Always wanted to meet the people of Gut Research? Get that chance at one of the following events!
The people from Gut Research will be at the Keystone Symposium Regulation and dysregulation of innate immunity in disease from February 18-22 in Vancouver, British Columbia, Canada.
They will also be at the following events:
Hope to see you there!
Patients with Irritable Bowel Syndrome (IBS) carry a different set of fungi in their gut compared to healthy people. This observed imbalance is related to abdominal pain complaints in IBS patients. This work was shown by researchers in The Netherlands which are based at Tytgat Institute (Academic Medical Center, Amsterdam), TNO (Zeist) and University of Maastricht.
Until now IBS-related microbiome research almost exclusively focused on the bacterial composition of the gut. Recent investigations showed that the gut also harbors fungi, and this includes healthy people. New evidence now shows that the composition of gut fungi (the mycobiome) in IBS patients differs from healthy people. Fungal diversity as well as relative contribution of fungal species was altered.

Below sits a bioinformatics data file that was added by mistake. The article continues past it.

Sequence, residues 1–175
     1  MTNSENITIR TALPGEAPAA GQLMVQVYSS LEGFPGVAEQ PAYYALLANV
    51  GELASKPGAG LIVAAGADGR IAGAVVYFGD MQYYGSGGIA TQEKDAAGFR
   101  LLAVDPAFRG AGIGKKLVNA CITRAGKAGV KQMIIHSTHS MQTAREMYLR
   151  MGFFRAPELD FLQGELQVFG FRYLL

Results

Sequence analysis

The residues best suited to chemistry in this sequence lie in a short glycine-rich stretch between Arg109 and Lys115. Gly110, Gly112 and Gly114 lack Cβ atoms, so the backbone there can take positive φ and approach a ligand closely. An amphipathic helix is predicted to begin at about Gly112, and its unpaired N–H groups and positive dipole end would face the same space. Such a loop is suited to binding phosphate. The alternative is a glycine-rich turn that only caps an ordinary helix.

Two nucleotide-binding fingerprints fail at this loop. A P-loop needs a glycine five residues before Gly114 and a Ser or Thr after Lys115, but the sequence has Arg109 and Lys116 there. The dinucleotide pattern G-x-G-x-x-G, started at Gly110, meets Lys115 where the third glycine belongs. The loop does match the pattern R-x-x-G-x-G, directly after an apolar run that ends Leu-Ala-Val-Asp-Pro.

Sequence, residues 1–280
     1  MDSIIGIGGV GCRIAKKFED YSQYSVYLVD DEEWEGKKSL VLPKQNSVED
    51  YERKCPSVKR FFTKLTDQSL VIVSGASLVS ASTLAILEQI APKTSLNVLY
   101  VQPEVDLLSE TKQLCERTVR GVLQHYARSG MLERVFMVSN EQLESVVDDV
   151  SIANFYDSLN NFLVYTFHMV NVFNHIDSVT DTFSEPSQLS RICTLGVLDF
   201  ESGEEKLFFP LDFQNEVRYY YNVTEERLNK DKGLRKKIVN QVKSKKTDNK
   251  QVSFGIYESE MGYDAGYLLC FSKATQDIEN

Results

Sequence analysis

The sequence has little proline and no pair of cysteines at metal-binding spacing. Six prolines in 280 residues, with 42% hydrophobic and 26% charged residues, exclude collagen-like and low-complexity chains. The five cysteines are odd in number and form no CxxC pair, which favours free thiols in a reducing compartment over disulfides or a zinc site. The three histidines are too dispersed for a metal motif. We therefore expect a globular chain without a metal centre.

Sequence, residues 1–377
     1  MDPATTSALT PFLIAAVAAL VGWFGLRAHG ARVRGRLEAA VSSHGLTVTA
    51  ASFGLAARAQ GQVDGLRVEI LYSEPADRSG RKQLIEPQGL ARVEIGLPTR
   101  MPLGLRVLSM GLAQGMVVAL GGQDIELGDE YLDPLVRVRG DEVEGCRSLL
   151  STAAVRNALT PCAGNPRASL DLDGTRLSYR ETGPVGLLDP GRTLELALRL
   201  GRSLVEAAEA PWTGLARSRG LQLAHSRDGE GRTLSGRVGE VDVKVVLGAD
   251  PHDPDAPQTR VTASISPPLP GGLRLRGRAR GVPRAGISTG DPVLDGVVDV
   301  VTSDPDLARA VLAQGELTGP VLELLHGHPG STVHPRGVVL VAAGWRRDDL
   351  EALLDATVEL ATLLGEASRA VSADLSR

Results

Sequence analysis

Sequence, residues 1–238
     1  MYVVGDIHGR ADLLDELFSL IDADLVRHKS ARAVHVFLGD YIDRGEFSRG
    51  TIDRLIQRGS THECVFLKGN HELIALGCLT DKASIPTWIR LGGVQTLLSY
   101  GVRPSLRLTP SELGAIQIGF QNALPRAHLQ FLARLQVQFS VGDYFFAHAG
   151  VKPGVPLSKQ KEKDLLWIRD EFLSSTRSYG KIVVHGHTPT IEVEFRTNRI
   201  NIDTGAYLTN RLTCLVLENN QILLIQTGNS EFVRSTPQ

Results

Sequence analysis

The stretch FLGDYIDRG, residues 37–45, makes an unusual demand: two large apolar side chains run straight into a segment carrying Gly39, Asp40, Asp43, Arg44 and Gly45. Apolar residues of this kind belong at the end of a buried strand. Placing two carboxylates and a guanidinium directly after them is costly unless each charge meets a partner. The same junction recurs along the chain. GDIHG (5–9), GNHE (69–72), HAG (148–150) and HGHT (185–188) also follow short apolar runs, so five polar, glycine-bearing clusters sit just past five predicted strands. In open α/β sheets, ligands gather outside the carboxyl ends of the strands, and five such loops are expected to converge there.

A change in fungal composition was also observed in an often used IBS-like rat model, were stress induces abdominal pain. In this model, anti-fungals reversed abdominal pain and rat-to-rat poop transplantations showed that the fungal imbalance was relevant for abdominal pain. Earlier work showed that abdominal pain in IBS is induced by activation of mast cells, which are part of the immune system. The current investigations indicated that their activation is triggered by gut fungi.
‘Obviously, this is not definitive proof for the role of fungi in IBS patients’ says René van den Wijngaard (Tytgat Institute) who headed the investigations. ‘But this study is an important reason to investigate further the possible role of fungi in IBS and search for new therapies that can modulate gut fungi or their interaction with the immune system’.
IBS is a disorder where patients experience abdominal pain complaints with altered bowel habits (diarrhea or constipation) in the absence of structural or microscopic abnormalities. The worldwide prevalence of IBS is 10%. Since the exact triggers for abdominal pain complaints are unknown, there is no effective therapy at present time.
More information can be found in the publication in Gastroenterology.